The Mystery of the Brown Spots
In July of 2005, several volunteers noticed brown splotches on their shirts and safety vests. This splattering of brown varied from light to dark and would not come out in the wash. By August the brown spots became a subject of discussion and sparked our curiosity. We were curious about the source, especially since no such spots appeared while we were working in "the patch".
The first theory advanced was that the stains came from bits of matter cast about in the process of using the string trimmer. This line of thinking fell apart when someone observed that another volunteer's attire had the mysterious spots, but she did not use the string trimmer.
A small light bulb clicked on when a moist drop was felt on my face while cutting vertical kudzu vines. This suggested that there might well be a kind of sap in the vines that could be flung around when vines are attacked aggressively.
Barbara Daniels and I took time off to explore whether we could get liquid from kudzu vines. By clipping the vines at its flexible ends, we noticed that a drop would slowly appear at the tip of the cut. No drops came forth when a normal vine was cut — only the tender ends and no more than a few inches from the end.
We collected this "sap", one tiny drop from each cut, and placed it into a cleansed pill bottle. The process was slow — often taking 30 seconds to a minute for the drop to form. The drops would not break free and fall into the bottle. We had to brush the tip of the vine against the side of the bottle. Some of the liquid was milky in color, and some was clear. We then brushed several tiny droplets off onto a white handkerchief and outlined a small square with droplet moisture in the middle of the handkerchief.
Microwave treatment at home produced no visible spots. Hot water was tried next and again no brown appeared. Then the handkerchief went into the washing machine. Voila, when it was washed and dried, light brown spots and the outline of the square were clearly visible.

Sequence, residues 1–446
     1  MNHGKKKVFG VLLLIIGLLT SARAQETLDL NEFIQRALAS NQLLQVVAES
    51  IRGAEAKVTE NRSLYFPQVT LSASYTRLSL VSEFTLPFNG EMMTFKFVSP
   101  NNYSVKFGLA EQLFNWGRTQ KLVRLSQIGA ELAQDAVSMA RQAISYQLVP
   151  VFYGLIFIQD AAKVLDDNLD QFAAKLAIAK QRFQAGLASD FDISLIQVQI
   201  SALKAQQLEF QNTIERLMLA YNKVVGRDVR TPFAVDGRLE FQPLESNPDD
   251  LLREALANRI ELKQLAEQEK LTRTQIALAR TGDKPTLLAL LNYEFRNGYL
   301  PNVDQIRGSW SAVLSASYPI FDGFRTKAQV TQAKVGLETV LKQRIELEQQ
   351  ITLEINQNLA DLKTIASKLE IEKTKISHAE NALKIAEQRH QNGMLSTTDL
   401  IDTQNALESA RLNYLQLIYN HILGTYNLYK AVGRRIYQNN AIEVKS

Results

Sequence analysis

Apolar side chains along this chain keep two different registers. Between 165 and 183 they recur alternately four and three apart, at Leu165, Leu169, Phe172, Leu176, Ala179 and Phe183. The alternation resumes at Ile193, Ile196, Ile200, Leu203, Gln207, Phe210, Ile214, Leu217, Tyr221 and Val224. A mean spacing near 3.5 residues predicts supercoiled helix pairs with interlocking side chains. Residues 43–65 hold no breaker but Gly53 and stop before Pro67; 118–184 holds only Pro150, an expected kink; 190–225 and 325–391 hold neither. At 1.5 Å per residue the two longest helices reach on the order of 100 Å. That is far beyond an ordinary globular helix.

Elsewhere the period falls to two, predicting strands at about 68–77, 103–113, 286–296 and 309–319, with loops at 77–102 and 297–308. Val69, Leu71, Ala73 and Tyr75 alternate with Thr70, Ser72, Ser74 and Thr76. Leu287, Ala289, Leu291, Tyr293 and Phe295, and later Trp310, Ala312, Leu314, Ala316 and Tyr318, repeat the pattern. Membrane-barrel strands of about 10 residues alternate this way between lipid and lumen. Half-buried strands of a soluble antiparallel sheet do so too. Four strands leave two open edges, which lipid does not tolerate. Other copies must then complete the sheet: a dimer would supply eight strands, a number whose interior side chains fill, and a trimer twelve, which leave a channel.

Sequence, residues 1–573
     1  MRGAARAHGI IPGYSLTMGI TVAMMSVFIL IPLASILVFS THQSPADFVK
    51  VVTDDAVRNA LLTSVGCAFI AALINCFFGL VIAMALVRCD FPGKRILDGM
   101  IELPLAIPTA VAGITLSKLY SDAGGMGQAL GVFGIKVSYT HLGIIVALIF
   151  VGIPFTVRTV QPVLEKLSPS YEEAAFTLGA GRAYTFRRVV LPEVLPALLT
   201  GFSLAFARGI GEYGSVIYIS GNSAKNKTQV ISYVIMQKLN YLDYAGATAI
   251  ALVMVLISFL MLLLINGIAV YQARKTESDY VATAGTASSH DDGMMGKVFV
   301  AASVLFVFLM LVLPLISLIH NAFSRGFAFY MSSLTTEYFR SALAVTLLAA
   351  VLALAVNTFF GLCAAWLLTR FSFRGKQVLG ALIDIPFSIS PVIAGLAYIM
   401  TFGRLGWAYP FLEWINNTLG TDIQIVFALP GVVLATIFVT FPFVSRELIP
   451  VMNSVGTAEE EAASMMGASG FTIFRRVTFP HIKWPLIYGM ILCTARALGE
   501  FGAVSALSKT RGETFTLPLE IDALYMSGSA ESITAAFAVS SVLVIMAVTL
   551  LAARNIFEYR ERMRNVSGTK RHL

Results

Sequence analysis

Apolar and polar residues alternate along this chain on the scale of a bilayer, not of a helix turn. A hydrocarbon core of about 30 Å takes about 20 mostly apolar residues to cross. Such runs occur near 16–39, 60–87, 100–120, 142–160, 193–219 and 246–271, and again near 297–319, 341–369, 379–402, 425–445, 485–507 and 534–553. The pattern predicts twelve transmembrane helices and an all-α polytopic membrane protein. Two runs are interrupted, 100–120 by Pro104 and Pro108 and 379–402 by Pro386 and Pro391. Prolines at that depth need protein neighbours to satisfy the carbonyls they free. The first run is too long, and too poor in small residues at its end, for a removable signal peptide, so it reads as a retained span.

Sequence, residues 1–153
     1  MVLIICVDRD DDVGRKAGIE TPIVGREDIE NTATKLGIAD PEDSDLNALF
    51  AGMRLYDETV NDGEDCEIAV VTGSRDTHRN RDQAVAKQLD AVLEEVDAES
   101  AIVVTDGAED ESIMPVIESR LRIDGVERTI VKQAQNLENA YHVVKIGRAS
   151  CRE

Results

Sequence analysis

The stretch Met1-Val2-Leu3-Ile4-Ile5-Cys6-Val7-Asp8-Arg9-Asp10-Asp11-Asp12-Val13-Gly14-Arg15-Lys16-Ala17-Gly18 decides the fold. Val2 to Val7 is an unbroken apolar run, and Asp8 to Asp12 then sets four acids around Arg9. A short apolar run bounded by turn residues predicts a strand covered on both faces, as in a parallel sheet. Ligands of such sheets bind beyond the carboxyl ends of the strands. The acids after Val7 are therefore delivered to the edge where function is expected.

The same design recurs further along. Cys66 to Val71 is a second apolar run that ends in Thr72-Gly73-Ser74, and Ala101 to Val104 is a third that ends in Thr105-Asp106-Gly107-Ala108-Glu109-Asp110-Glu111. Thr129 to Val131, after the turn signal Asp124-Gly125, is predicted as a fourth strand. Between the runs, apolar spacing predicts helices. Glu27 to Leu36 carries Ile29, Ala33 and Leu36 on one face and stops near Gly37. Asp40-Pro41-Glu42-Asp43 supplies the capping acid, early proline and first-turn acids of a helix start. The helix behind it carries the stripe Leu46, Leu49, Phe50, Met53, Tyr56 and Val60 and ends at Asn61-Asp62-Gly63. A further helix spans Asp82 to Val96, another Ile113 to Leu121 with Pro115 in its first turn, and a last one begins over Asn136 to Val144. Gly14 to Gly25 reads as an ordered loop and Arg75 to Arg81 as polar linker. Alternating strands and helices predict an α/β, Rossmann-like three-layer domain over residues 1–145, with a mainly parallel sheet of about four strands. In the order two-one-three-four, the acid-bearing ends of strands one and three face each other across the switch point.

Several days later some of the “sap” in the pill bottle had turned reddish brown. The bottle and a spotted shirt were taken to the laboratory of a leading textile organization for analysis.
September 25 2005
Is it a Mystery?
By custom I eat an apple after dinner. If drops of apple juice fall on my tee-shirt, it turns brown when it dries. It does not wash out, even with bleach, and the result is very similar to kudzu stains.
Many fruits and vegetables have the property of turning brown (apples, bananas) or black (potatoes) when freshly cut and exposed to air. I've always heard that this is an oxidation process acting on sugars. Cooking has a similar effect because it accelerates oxidation. Heating sugar to produce caramel causes the sugar to turn brown. Cooks counter this effect on fruits and vegetables by keeping the material immersed in water (vegetables), or by coating it with an acidic liquid such as lemon juice or orange juice (fruits). That is one reason why lemon juice is added to fruit pies: Maintain color. Acids, such as vitamin C (ascorbic acid), are "natural" preservatives of food. (Vitamin C is also a free-radical scavenger, but that is a different topic.) Hence the value of vinegar (acetic acid). Sugars are also preservatives (a primary ingredient in fruit "preserves", and sugar-cured ham and bacon), but only when sealed from oxygen ("canning") in the case of fruits and vegetables.
September 26 2005
What is Known about the Biochemistry
This oxidation reaction is speeded up with the enzyme Tryrosinase. The compound acted upon is a catacol-like compound. Anything that denatures proteins will work or anything that blocks the oxygen gas from getting to the cell juices. But to stop the reaction the cell must be cut, or the cell membrane constructed of proteins and lipids must be destroyed.
Catacol and tyrosinase are compound found in cells. When exposed to oxygen and in the presence of the enzyme tyrosinase the catacol oxidizes and turns brown. This is the reaction in potatoes and apples. When you bite into an apple the cell membranes are ruptured and oxygen comes in contact with the catacol and tyrosinase.
September 28 2005